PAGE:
From our guest contributor, Michele Borba
Have you noticed how apologizing has become almost a lost art these days? A great number of adults–not kids–seem to have forgotten how to say that glorious two-word simple phrase, “I’m sorry!” And if the offender (whether it be government officials to movie stars to plagiarizing authors to “poor-sport” athletes to our own friends) does give an apology, notice how it often sounds insincere?
How are kids going to learn this great skill unless we model it ourselves? That’s why I adore Trudy Ludwig’s book, “Sorry!” (Tricycle Press – available on amazon or in your local bookstore). It’s plain wonderful. I have to admit I’m a big fan of Trudy’s books (her other books “My Secret Bully” and “Just Kidding” are fabulous also).
Rarely do children’s books model for young readers personal accountability and responsibility the way Sorry! does.
Trudy’s thoughtful, one-of-a-kind story on the power of apology shows how a child can take ownership of a hurtful behavior and then right his or her wrong. The story also offers invaluable life lessons on empathy and compassion to children (and adults) alike.
Sorry also helps kids see from the other side — how their actions were hurtful and why they should make amends. And that’s exactly what is missing too often. Kids seem to be on “auto-pilot” when they apologize. “I’m sorry” is said too quickly with no meaning behind those words.
Pick up a copy! Use it in your classroom, Boys and Girls Club, or with your kids at home. It’s one of those perfect books you want to keep on your shelf for the perfect moment.
Five Steps to Giving a Sincere Apology
As you read Trudy’s book and discuss the reasons why it’s important to make amends, teach your kids the simple five steps for apologizing. The skill of apologizing (along with 25 other critical friendship skills) is from my book, Nobody Likes Me, Everybody Hates Me: The Top 25 Friendship Problems and How to Solve Them. Many teachers are turning the steps into a chart and posting it in their classroom.
You’ll have to model these steps with your children until they finally understand the parts of a sincere apology.
Keep in mind that the easiest way for kids to learn how to apologize is by copying our own example. So the next time (and the next….and the next….) you make a mistake, admit it to your kids. Just make sure you add two powerful words, “I’m sorry!”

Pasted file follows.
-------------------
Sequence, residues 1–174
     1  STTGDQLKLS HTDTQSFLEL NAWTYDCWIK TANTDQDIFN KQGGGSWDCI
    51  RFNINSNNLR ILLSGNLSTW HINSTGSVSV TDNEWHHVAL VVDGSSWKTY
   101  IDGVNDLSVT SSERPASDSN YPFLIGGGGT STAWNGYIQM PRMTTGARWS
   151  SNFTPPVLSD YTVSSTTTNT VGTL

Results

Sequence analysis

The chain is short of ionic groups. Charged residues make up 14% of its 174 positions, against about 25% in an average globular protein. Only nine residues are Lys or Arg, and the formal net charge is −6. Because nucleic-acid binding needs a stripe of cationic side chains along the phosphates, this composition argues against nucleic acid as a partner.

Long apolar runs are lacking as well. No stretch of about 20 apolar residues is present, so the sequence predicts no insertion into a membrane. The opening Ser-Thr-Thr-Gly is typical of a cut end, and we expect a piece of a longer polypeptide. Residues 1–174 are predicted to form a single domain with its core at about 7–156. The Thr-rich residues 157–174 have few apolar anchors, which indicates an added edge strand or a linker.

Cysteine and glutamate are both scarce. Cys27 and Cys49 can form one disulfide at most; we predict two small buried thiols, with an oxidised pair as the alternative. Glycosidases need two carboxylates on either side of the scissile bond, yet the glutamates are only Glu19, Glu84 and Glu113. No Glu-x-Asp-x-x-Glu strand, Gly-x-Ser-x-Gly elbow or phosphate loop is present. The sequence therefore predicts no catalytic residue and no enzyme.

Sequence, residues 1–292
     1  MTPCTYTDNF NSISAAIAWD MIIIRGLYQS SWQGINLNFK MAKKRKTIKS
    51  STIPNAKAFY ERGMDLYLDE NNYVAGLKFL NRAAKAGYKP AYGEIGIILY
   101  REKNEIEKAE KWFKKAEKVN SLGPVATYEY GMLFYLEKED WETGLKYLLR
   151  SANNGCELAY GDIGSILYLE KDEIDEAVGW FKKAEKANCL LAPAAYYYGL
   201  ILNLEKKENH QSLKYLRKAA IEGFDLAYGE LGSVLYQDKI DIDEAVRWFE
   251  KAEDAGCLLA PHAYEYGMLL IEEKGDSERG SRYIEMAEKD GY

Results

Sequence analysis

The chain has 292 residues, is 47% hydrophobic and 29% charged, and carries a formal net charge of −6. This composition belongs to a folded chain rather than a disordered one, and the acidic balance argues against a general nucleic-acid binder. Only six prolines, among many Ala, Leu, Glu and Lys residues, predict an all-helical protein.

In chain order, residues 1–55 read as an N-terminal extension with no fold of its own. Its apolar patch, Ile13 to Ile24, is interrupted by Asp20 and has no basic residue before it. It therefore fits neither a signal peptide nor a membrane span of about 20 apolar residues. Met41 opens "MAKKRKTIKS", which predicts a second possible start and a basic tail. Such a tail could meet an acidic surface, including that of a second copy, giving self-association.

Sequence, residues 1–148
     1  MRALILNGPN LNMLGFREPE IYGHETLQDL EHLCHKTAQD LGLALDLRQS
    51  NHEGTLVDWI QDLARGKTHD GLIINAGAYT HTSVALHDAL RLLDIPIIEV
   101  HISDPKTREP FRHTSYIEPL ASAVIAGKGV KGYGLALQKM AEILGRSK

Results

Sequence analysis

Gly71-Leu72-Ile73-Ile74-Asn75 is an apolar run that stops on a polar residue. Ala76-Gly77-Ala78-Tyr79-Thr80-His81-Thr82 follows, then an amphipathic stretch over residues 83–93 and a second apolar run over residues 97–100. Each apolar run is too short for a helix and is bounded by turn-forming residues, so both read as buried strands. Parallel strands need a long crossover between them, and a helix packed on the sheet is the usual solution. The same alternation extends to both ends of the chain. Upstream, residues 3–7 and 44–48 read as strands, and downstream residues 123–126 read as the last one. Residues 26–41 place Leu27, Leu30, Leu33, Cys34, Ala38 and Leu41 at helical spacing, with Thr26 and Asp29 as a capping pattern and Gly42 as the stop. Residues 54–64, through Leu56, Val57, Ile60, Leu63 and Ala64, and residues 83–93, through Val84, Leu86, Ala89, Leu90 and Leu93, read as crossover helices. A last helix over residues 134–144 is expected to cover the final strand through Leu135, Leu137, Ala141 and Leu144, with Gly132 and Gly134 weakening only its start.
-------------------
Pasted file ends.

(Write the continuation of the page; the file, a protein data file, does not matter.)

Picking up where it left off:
Essential to our children’s moral development is realizing that personal actions do impact others. If you do something that causes another person pain, you need to make amends. The phrases to say to your child as you teach how to apologize are in quotations. Of course, put in your own words and values in your discussion, but remember that the key is that kids need to know there must be sincerity in their words. You’ll also need to take your child’s age and maturity into consideration as you begin the process of teaching the skill. As children’s moral maturity and empathy develops, so will the meaning of their words.
Step 1. Think about what you did wrong.
Get specific. “Did you say something that hurt your friend’s feelings? Did you say something behind her back? What exactly are you sorry for?”
Step 2. Find the best time and place to apologize.
“If you really, really can’t face your friend, you could write a letter or call him on the phone . But find a time when you won’t be interrupted and you can focus on telling the person your concerns.”
Usually it’s best to keep the apologize private so as not to embarrass your child. But that, of course, depends upon the circumstance.
Step 3. Say what you’re sorry for.
“Be brief, sincere, and honest. Say exactly what you did that you’re sorry for “I…..[fill in what you did]…and then add I’m sorry.”
You might want to briefly describe what happened. Your friend may see it differently, so it’s a good idea to share your view of the problem.”
Step 4: Tell how you are going to make things better.
“So what are you going to do about your actions? Tell your friend! Just saying “I’m sorry” doesn’t necessaily fix things. Let your friend know what you plan to do t make things better.”
The key here is to help your child think about how the other person feels–disappointed, upset, mad, sad. Discuss the thoughts and feelings that can evolve. Sincere apologies help the injured or hurt child know that the child cares and wants to make things better–not an easy task especially for a young child. As Ludwig points out: “Making a sincere apology is hard word. It requires personal responsibility and remorse for the wrongdoing, along with a determined effort to make up for the hurt one has caused others.” Stress that apologizing is hard work. It can be embarrassing – after all, the child is admitting he was wrong or even a weakness! “It actually takes courage and strength to honestly admit the error of our ways,” Ludwig points out.
Step 5: Give your friendship time to heal.
“Remember, you can’t make anybody do anything she doesn’t want to do. And that means you can’tmake your friend accept your apology. All you can do it admit you’re wrong and try to make amends.”
Then practice, practice, practice at home so your child can use the skill in the real world.
Showing children a skill is always more powerful than telling them …so model it. Then remember to admit when you’re wrong and say a sincere, “I’m sorry!” to you kids.
When kids recognize there are consequences to their actions which can be helpful or hurtful it helps them take a big leap forward in becoming more thoughtful, compassionate and responsible. Our job as parents is to help stretch our children’s moral development. Stopping and helping our children learn and practice the skills of apologizing is an important part of boosting their character.
Thanks for reading. Tell us what you think in the comments.
Ready to teach your kids more life skills? Check out our Family’s Guide to Teaching Good Character.